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Amazon Tribe Clings to Traditional Way of Life

The tiny Waiapi tribe is struggling to maintain its traditional way of life as mining companies edge ever closer in Brazil's Amazon.

24 PHOTOS

Jawaruwa Waiapi and his family walk through early morning fog at the Manilha village in the Waiapi indigenous reserve in Brazil's Amapa state on Oct. 13, 2017.

Tribal chieftain Tzako Waiapi perfectly remembers the day almost half a century ago when his hunting party stumbled across a group of white adventurers in the Amazon rainforest. Within months, nearly everyone in his entire tribe had died from disease.

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Waiapi men dance and play flutes during a tradition known as the “Anaconda’s party.” The men leave all the flutes on the river as an offering for the Anaconda snake to protect their village. 

The Waiapi are one of the most traditional tribes in Brazil's Amazon, but modern life is getting closer and the forest dwellers are learning how to navigate between two worlds.

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Men cut down trees to make a manioc field.

When Waiapis walk into the Amazon forest surrounding their village, they do not see trees, but a kind of shopping mall providing medicine, food, shelter, tools and weapons all under the eye of multiple spirits.

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Waiapi men enjoy the Feliz River.

The tiny Waiapi tribe is resisting moves by the Brazilian government to open a national reserve twice the size of New Jersey to mining.

In August, a Brazilian court suspended plans to abolish the protected status of the National Reserve of Copper and Associates (Renca), which is split between the Northern Brazilian states of Amapa and Para.

The government has said it will appeal the decision.

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Villagers pose for a portrait. 

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A man poses with his wooden Borduna during the "Anaconda's party."

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Waiapi men stand in the Tucunapi River.

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A girl is carried by her mother in a manioc field, while harvesting to prepare Caxiri, a craft beer made with manioc, which is imbibed daily by men, women and children.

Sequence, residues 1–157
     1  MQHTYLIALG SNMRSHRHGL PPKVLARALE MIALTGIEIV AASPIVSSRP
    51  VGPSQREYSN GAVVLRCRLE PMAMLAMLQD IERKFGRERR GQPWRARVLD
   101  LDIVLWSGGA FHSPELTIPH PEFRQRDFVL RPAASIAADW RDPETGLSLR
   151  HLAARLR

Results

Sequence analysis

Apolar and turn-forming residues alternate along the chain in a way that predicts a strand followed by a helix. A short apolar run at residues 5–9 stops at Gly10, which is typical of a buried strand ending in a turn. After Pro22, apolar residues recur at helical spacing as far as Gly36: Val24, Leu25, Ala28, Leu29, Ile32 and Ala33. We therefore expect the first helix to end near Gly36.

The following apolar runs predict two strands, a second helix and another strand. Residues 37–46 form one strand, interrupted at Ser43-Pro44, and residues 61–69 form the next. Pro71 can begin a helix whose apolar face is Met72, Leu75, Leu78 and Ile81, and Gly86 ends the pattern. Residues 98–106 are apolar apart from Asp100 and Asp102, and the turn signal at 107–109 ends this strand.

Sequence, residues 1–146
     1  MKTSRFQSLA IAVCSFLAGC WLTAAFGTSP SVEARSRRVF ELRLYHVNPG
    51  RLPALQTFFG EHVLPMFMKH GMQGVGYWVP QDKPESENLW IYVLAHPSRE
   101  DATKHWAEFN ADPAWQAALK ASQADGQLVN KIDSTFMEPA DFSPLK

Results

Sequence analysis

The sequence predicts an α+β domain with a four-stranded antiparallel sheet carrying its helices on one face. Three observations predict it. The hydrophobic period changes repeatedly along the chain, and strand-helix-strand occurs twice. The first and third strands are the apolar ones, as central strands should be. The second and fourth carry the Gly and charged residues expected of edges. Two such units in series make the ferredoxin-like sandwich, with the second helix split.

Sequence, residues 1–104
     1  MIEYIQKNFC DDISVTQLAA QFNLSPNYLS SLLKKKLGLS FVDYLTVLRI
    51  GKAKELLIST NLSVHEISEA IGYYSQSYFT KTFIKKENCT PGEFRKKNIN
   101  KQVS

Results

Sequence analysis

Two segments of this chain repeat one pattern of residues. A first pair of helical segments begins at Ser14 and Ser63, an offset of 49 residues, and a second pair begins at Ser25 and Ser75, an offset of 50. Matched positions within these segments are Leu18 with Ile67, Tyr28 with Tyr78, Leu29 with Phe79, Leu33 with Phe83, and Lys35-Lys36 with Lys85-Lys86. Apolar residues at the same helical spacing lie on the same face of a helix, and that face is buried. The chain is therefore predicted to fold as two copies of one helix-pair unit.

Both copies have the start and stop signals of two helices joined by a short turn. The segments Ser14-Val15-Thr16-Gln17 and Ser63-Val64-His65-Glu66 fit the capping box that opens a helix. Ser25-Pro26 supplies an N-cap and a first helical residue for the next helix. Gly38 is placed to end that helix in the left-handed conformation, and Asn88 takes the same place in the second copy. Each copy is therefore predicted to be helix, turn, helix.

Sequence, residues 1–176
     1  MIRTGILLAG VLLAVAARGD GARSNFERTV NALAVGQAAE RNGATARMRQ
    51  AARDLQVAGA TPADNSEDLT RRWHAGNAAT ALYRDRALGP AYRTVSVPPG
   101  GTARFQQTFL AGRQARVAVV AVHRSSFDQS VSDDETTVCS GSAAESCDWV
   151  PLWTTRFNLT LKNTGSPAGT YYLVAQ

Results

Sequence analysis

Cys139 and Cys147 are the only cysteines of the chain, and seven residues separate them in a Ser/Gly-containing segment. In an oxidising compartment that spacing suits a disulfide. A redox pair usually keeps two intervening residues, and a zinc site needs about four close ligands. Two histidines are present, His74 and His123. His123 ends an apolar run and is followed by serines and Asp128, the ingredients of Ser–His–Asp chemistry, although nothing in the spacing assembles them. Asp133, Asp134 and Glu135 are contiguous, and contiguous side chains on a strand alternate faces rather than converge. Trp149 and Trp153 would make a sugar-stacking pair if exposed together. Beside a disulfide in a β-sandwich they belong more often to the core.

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A Waiapi man aims his bow. 

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Chieftain Japarupi holds a roasted monkey, part of the Waiapi diet.

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Meri cares for local children.

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Tribal chieftain Tzako plays the flute. 

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A woman mixes water and manioc to prepare Caxiri.

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A man runs after cutting down a tree to make a manioc field.

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Chieftain Tzako walks in the fog.

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Waiapi youths pose for a picture.

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Meri bathes with her cousin at the Feliz River.

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A Waiapi family poses for a picture.

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A boy looks for firewood. 

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Waiapi children pose for a picture.

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A Waiapi man walks on the road.

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Waiapi men relax in the jungle.

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Chieftain Akaupotyr tends a bonfire.

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A Waiapi boy stands behind adults in Pinoty village.

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